However, researchers have found that chemical opioids induce the activity of deeper cellular structures more rapidly compared to endogenous opioids, which may help explain their undesired side effects. Additionally, chemical or synthetic opioids “hijack” the endogenous opioid receptors that would otherwise be stimulated through the body’s natural pain relief system.
Studies have also shown that chemical opioids desensitize receptors associated with endogenous opioids' enkephalins, dynorphins, and endorphins, which are considered “powerful peptide analgesics.”
Enkephalins and dynorphins act in many different parts of the nervous system by reducing pain sensation, while endorphins stimulate feelings of euphoria.
Furthermore, research has shown that long-term opioid use significantly alters the endogenous opioid system, which plays an important role in drug sensitization and addiction.
Current pain management approaches to acute back and neck pain point to a multidisciplinary approach that is not dependent on pharmacological approaches.
For those who sustain an acute flare-up of pain, Dr. Chhatre recommends avoiding the activity that caused the issue, modifying activities of daily living, and alerting your primary care doctor if the pain persists for more than two to three days.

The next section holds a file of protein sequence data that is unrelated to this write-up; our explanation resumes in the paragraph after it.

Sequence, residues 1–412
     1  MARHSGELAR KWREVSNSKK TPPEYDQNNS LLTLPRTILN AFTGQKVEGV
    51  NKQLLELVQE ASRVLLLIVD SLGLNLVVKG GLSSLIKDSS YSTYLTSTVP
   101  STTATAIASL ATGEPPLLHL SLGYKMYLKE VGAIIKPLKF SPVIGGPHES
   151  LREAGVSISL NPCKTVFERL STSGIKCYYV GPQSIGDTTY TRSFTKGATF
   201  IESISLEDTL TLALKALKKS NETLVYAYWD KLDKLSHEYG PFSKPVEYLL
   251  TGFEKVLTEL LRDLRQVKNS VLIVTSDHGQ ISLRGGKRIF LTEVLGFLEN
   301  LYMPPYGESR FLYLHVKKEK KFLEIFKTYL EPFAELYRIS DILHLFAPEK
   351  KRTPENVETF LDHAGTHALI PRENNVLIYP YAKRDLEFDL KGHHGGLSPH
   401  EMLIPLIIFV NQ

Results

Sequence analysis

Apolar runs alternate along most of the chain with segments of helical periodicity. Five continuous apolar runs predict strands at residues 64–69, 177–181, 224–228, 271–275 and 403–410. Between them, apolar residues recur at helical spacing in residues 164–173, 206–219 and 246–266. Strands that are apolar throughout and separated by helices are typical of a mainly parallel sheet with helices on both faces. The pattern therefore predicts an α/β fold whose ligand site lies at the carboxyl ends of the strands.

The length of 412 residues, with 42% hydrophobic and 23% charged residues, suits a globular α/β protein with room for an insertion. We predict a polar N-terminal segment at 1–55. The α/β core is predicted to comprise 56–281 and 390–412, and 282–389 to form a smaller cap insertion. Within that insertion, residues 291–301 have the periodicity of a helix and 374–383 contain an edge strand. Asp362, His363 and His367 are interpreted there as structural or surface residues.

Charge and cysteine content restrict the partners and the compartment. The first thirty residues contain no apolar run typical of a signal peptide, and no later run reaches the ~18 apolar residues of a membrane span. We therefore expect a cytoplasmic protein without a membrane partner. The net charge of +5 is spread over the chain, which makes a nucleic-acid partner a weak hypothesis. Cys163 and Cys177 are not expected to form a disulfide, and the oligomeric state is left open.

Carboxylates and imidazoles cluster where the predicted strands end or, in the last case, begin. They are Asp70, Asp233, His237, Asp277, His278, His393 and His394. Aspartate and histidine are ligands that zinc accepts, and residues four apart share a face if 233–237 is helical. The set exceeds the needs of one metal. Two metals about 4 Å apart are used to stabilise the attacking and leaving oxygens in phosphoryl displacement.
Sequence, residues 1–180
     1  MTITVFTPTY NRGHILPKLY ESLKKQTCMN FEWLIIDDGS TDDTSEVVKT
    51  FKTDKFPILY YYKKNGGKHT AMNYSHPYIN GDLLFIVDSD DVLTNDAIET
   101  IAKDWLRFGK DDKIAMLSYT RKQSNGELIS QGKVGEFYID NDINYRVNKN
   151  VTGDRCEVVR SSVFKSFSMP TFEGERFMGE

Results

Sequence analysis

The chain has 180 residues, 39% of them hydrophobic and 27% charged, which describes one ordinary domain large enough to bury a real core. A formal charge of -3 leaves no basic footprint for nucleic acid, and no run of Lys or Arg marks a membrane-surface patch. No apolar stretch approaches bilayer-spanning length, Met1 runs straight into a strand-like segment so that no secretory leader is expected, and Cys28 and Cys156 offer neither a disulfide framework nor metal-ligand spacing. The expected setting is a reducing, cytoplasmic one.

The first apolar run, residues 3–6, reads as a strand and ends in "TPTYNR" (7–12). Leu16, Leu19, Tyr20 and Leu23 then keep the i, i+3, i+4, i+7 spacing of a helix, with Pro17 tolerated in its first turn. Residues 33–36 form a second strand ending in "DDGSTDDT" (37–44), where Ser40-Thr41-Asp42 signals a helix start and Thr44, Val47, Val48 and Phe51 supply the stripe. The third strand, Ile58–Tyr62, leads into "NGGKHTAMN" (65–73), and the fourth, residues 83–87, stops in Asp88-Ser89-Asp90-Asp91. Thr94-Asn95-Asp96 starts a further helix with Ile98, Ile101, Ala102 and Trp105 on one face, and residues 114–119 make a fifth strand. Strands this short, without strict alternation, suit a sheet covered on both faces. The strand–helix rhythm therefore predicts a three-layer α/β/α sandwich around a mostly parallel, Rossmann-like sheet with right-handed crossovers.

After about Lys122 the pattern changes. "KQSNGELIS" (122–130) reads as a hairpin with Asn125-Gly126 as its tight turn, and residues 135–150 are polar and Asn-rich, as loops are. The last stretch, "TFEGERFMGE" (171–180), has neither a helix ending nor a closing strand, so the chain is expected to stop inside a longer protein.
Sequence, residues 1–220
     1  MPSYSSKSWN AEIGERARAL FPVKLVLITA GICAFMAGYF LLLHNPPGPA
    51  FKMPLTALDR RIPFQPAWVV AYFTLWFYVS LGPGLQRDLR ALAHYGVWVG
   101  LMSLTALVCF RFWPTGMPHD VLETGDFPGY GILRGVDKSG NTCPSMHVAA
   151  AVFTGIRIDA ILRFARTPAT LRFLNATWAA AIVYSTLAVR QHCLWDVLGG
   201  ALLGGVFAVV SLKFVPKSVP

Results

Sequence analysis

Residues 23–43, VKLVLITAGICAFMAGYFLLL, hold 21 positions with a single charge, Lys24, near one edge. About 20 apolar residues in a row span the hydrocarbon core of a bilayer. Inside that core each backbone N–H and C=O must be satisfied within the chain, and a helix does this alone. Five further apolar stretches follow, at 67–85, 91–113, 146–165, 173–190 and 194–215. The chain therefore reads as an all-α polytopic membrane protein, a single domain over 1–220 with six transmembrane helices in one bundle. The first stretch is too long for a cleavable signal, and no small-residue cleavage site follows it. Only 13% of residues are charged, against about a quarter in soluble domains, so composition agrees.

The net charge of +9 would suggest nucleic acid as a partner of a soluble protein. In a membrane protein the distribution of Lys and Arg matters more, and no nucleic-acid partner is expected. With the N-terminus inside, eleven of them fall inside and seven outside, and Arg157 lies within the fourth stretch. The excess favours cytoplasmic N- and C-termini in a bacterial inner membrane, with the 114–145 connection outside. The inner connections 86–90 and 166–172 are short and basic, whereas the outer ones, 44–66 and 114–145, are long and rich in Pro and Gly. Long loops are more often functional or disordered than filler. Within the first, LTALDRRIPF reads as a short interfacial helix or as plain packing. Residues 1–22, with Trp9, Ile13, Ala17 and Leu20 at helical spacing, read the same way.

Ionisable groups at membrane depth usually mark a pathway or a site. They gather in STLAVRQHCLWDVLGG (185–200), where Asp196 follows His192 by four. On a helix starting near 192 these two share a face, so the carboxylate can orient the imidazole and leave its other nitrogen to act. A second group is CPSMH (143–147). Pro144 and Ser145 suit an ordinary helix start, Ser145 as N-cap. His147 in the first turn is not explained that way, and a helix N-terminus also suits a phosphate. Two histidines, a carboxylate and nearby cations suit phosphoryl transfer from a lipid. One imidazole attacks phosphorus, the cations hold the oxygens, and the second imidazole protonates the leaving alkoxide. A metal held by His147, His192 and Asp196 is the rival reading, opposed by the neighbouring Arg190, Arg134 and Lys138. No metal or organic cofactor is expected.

Avoiding bed rest, staying active, and using simple analgesics such as anti-inflammatories, or a heat pack for acute back pain are recommended.
“Current evidence shows an active approach is more effective and less risky for patients,” the ACSQHC said.
“It is important to recognize that for many people with acute low back pain, the goal of pain medicines is to enable physical activity, not to eliminate pain.”
Moreover, acute back pain usually lasts from several hours to seven days in the majority of cases, Dr. Chhatre said.
At the same time, a small percentage of people (1 percent) who present to their doctor or allied health care professional have a serious cause for their back pain that needs prompt investigation and specific treatment, the ACSQHC said.
Studies have also shown that patients who first seek physical therapy or chiropractic care have better recovery outcomes and shorter episodes of acute care for lower back pain. Additionally, those who received such treatments in the initial stages had decreased dependency on opioid use.
Endorphins are described as the body’s “natural painkillers” and are released by the hypothalamus and pituitary gland in response to pain or stress.
Endorphins, along with dopamine, serotonin, and oxytocin, are nicknamed the “feel-good hormones” due to the euphoric feelings they produce in response to activities that simulate feelings of happiness, such as exercise, meditation, listening to music, and laughter.
Although the feelings from endogenous opioids can be less obvious compared to those from chemical opioids, they are beneficial to health and do not come with the risks of addiction.